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SS and NMS

R2 Talk - May 2014
by

Andrea Weber

on 9 May 2014

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Transcript of SS and NMS

Serotonin Syndrome and Neuroleptic Malignant Syndrome
By: Andrea Ryan, MD with Mentor: Vicki Kijewski, MD
Serotonin Syndrome
Clinical presentation
Treatment
Neuroleptic Malignant Syndrome
Clinical presentation
Treatment
After they've left the ICU
MKSAP 16
KC is a 42 year old female with history of depression, migraines, and chronic nausea associated with Roux-en-Y bypass who presented with 48 hours of confusion and ataxia.
Medications at admission:
lansoprazole 30 mg QD
sucralfate 0.5 mg QID
fluconazole 150 mg QOD
fluoxetine 40 mg QD
amitriptyline 100 mg QD
methocarbamol 375 TID
promethazine 25 mg PRN
clonazapam 1 mg BID
loratadine 10 mg QD
pseudophedrine PRN
trazodone 50-100 mg QHs
venlafaxine 75 mg QD
valproic acid 100 mg QD
odansetron PRN

Vitals:
T 36.8
BP 155/81
HR 106
SpO2 79% on RA
RR 16
General:
Drowsy, oriented to person only.
HEENT:
Dilated pupils.
No nystagmus.
Flushing
Neuro:
Restless.
Diffusely
hyperreflexic.
Bilateral clonus.
Cardiac:
Tachycardic, regular
No murmurs.
Serotonin Syndrome
Altered mental status
Autonomic instability
Neuromuscular hyperactivity
Hours to days after exposure to serotonergic agents
Mild to severe
MAO-inhibitors
Linezolid
SSRIs, SNRIs, TCAs, tramadol, fentanyl, methadone, cocaine, MDMA, meperidine, St. Johns, amphetamines, dextromethoraphan
Tryptophan (foods), triptans, buspirone
Amphetamines, MDMA, cocaine, reserpine, buspirone, lithium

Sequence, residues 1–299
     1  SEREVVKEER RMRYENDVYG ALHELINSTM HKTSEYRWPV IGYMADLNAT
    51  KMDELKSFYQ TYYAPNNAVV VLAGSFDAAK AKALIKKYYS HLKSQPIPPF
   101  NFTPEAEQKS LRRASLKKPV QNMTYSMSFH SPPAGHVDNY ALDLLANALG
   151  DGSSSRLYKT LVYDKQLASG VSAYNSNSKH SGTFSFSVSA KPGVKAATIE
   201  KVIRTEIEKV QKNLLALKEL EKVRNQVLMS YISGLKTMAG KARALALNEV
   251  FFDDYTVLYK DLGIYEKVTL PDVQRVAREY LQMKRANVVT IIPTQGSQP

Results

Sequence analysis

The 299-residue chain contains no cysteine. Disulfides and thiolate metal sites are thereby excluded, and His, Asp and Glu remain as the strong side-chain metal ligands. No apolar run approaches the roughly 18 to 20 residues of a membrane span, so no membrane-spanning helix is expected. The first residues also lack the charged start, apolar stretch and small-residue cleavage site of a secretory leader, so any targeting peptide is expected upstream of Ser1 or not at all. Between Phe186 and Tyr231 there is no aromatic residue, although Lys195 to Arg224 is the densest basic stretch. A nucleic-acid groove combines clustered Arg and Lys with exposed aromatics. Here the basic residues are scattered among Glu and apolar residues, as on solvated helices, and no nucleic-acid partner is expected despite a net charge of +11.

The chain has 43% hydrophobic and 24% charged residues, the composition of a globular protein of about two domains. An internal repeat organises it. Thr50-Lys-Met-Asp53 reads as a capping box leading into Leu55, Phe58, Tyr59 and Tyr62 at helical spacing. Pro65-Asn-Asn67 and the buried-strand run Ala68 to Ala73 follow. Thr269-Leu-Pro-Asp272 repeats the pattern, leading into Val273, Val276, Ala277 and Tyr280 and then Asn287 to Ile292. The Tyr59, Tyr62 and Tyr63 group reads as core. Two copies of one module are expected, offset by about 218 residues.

84% sensitive and 97% specific
Neuroleptic Malignant Syndrome
Rigidity
Hyperthermia
Altered mental status
Autonomic instability
Neuroleptics
Metoclopramide
Lithium
Tricyclic antidepressants
Withdrawal of Parkinsonian agents (levodopa, amantadine)
Blood serotonin levels do not correlate with CNS
Diagnosis:
HIGH RISK
D2 antagonistic medications
Agitation (indirect)
Intramuscular injections
Neuroleptic polypharmacy
Older populations
History of NMS
Diagnosis:
Laboratory Results:
Low iron (95%)
Proteinuria (91%)
Elevated CK (91%)
Leukocytosis
Elevated LDH (91%)
Elevated AST (83%)
So your hospital patient had NMS...
Reassess need for antipsychotic.
Wait 2 weeks
Start low, go slow.
Avoid future depot injections.
So your clinic patient had NMS...
10% of survivors have neuropsychiatric sequelae.
Central:
Cognitive impairment
Encephalopathy on EEG for 1 year
Cerebellar injury
Persistent mutism
Parkinsonism
Peripheral:
Contractures
Polyneuropathies
Psychiatric:
Worsening psychosis
Worsening depression
New catatonia
Serotonin Syndrome
Neuroleptic Malignant Syndrome
Course
History
Signs
Labs
Management
Objectives:
Management
No prospective RCT assessing management.
Removal of all serotonin agents.
(anti-emetics, migraine abortives, tramadol, anti-depressants...)
Supportive Care
Airway/Breathing
:

Intubation for protection
Aspiration a common complication

Circulation
:
Large BP fluctuations
Avoid long-acting agents

Hyperthermia
:
Active or passive cooling
Antipyretics not helpful

Agitation
:
Benzodiazepines
Avoid restraints
5-HT2 antagonists:
Cyproheptadine
Moderate to severe symptoms
Oral 12 mg loading plus 2 mg Q2h